Joe Negron, the Stuart-based state Senator who recently survived a marathon battle with Jack Latvala to become Senate President in 2017, has signed on as a co-sponsor Jeff Brandes civil asset forfeiture bill (SB 1044) in the Legislature’s upper chamber.
The legislation would stipulate assets or property may only be seized under the Florida Contraband Forfeiture Act after a criminal defendant has been convicted of a crime. Up to that point, assets suspected to be connected to a crime may be only temporarily revoked under a provisional title obtained by police.
Under current law, police can seize assets without even bringing charges against a defendant.
Civil asset forfeiture laws became in vogue with law enforcement agencies in the 1980s, where they became empowered to seize the property and money associated with criminal organizations involved in the illegal drug trade. The agencies that seized the assets were allowed to keep the proceeds resulting from their seizures, creating a powerful financial incentive to seize and forfeit property.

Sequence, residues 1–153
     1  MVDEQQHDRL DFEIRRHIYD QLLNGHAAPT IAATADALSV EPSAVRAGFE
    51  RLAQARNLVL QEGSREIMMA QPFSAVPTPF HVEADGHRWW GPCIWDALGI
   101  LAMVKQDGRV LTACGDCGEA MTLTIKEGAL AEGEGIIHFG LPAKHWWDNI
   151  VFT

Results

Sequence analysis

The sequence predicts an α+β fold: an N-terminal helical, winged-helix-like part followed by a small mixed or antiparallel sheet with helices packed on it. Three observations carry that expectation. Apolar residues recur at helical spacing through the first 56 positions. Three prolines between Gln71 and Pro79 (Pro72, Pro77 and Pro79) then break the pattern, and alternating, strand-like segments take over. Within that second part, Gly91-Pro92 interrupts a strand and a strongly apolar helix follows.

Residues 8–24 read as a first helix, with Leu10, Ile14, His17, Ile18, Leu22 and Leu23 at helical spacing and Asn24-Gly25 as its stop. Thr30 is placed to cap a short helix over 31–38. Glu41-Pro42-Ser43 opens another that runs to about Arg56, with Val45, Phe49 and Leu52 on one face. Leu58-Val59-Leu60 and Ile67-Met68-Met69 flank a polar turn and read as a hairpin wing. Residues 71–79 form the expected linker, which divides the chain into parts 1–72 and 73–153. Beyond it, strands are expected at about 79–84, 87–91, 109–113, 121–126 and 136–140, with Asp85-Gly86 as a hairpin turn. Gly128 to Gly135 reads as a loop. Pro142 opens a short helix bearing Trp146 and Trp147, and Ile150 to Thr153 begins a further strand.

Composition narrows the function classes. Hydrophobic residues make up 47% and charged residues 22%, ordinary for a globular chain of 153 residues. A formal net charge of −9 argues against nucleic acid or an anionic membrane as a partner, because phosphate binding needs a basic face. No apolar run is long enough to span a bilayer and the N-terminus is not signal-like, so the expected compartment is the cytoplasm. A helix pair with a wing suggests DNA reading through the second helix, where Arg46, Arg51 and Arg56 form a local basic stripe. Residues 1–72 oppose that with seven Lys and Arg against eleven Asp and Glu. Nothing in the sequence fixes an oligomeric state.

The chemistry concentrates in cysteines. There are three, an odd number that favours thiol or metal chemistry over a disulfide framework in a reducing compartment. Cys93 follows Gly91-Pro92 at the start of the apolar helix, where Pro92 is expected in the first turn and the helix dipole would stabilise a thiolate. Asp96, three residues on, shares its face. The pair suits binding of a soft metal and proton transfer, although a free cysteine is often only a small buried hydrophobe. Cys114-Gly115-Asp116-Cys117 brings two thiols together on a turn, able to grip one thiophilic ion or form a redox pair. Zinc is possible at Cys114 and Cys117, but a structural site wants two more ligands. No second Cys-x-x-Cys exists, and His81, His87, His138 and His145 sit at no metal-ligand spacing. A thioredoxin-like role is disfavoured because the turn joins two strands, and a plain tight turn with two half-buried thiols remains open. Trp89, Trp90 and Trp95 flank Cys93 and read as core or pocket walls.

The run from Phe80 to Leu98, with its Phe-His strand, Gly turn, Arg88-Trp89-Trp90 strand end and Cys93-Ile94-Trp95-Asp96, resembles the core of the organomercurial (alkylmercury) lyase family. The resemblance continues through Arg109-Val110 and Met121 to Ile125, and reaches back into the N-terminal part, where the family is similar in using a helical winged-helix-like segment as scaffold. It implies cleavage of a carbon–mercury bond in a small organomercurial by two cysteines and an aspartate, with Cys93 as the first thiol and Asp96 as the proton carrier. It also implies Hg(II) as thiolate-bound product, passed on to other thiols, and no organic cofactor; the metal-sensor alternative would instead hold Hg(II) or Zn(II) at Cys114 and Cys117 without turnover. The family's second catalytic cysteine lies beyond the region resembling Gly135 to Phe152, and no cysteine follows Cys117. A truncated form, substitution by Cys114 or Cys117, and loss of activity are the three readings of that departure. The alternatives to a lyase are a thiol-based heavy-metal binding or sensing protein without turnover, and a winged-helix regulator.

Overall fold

Unlike criminal asset forfeiture, however, with civil forfeiture, a property owner need not be found guilty of a crime – or even charged – to permanently lose her cash, car, home, or other property.
Lehigh Acres Rep. Matt Caldwell is sponsoring the companion bill (HB 883) in the House.